Douglas College creative writing instructor Rick Maddocks has made a name for himself through writing both fiction and music, so it seemed a logical progression for him to tackle a project that would combine the two passions.
Best known as the frontman of local atmospheric roots band The Beige, Maddocks has collaborated with a handful of other local indie musicians and theatre types to compose The Meal, a (sort of) musical based on the biblical Last Supper, which will be making its premiere at this year’s PuSh Festival in Vancouver.
“I think that a lot of people’s warning lights go on when they hear the words ‘musical’ or ‘Christianity,’ but this is really more of a song cycle,” said Maddocks. “I wouldn’t characterize it as a musical, but there is no dialogue.”
The performance imagines what might have transpired immediately before and after the world’s most famous awkward dinner party.
Maddocks, who describes himself as a “free agent” rather than a Christian, said he has always been interested in religion and the idea for The Meal came to him after studying the so-called Gnostic Gospels, the teachings of Christ supposedly written by apostles that nonetheless didn’t make the final edit of the Bible.
The lost gospels have recently gained renewed attention after being featured in the Dan Brown bestseller The Da Vinci Code.
“I was approached by the PuSh Festival and offered a commission to create a pro-ject that stepped outside of the bounds of what I usually do,” said Maddocks, whose critically acclaimed short story collection Sputnik Diner was nominated for the Danuta Gleed Literary Award. “The Gnostic Gospels always seemed intriguing to me, but I didn’t really know a whole lot about them, so I basically just did a whole lot of reading and research. It was really a discovery process and an investigation. There are so many controversial ideas that came out of the Gnostic Gospels such as the Gospel of Judas and the Gospel of Mary Magdalene and all these other writings that weren’t allowed into the Bible.”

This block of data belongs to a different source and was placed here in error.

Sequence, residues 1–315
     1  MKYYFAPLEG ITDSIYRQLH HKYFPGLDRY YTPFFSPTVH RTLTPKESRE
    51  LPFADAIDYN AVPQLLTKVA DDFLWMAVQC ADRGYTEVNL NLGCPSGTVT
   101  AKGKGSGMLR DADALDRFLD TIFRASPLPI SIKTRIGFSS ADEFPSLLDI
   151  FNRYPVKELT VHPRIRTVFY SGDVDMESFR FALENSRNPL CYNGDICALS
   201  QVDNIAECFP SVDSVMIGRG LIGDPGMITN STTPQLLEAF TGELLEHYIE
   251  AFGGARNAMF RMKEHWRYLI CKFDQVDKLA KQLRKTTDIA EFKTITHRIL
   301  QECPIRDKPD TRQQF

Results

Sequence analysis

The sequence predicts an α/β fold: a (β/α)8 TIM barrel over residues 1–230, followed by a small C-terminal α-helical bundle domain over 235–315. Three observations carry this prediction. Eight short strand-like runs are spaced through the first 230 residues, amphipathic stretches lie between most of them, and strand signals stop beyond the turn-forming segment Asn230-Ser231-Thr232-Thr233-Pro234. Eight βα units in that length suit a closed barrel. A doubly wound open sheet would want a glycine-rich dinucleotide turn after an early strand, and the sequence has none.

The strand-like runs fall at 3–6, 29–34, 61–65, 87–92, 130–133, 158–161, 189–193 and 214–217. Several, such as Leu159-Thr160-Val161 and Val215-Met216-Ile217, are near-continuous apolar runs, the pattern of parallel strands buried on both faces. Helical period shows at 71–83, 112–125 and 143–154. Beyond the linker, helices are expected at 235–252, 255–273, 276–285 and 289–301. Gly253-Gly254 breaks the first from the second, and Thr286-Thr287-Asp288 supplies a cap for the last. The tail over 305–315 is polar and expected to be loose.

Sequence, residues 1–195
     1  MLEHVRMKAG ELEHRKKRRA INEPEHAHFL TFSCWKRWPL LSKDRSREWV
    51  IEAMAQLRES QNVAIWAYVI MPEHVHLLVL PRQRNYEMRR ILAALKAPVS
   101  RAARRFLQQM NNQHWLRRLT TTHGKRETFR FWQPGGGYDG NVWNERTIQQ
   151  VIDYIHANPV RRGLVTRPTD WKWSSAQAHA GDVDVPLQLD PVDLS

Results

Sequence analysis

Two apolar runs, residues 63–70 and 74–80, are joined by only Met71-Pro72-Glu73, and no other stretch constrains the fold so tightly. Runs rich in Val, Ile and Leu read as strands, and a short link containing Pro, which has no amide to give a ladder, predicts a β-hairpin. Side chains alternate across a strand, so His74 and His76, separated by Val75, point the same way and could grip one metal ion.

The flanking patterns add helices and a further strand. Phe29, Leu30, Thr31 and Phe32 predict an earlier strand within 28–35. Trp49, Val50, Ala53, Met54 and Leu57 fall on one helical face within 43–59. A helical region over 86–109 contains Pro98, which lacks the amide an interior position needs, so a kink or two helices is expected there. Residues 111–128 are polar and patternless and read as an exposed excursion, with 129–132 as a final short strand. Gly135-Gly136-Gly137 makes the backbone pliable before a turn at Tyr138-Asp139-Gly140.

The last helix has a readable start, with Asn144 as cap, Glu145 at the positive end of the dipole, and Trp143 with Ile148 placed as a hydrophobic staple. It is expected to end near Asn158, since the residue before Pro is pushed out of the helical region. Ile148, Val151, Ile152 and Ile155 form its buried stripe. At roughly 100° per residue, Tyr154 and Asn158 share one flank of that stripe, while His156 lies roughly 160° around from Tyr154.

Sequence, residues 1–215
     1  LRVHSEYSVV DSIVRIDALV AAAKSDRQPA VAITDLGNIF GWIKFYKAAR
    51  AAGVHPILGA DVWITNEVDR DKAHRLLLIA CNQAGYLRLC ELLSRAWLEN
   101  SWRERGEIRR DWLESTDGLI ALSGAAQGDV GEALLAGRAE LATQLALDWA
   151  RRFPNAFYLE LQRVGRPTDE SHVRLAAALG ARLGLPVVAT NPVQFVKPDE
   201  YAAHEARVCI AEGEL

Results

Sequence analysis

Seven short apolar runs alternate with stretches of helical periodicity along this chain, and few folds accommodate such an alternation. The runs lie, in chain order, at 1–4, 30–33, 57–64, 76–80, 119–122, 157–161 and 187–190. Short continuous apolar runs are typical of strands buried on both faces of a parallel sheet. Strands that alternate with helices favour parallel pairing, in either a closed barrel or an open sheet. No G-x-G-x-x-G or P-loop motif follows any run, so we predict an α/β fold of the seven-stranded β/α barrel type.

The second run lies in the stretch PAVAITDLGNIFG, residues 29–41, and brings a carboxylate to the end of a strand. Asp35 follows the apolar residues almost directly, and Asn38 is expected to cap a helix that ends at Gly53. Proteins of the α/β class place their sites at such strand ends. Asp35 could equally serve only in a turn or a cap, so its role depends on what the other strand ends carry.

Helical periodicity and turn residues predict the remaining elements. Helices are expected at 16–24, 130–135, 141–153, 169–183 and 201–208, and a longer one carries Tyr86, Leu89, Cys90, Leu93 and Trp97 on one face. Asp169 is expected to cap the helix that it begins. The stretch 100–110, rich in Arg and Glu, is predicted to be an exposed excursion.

Given the subject matter, it likely won’t come as a surprise that the style of music is also gospel.
“The idea kind of percolated during a time I was getting into ’70s gospel funk, but I wanted to try something that wasn’t just imitating established gospel music, which would be kind of foolish of me to do because I don’t come from that tradition.”
So instead of a full gospel choir backing things up, The Meal instead features a backing band and a four-person cast made up of local chanteuse Jody Glenham as Mary Magdalene, Nautical Miles lead singer Corbin Murdoch as Judas, The Abramson Singers’ Lucien Durey as John, and Maddocks himself stepping into the sandals of Thomas.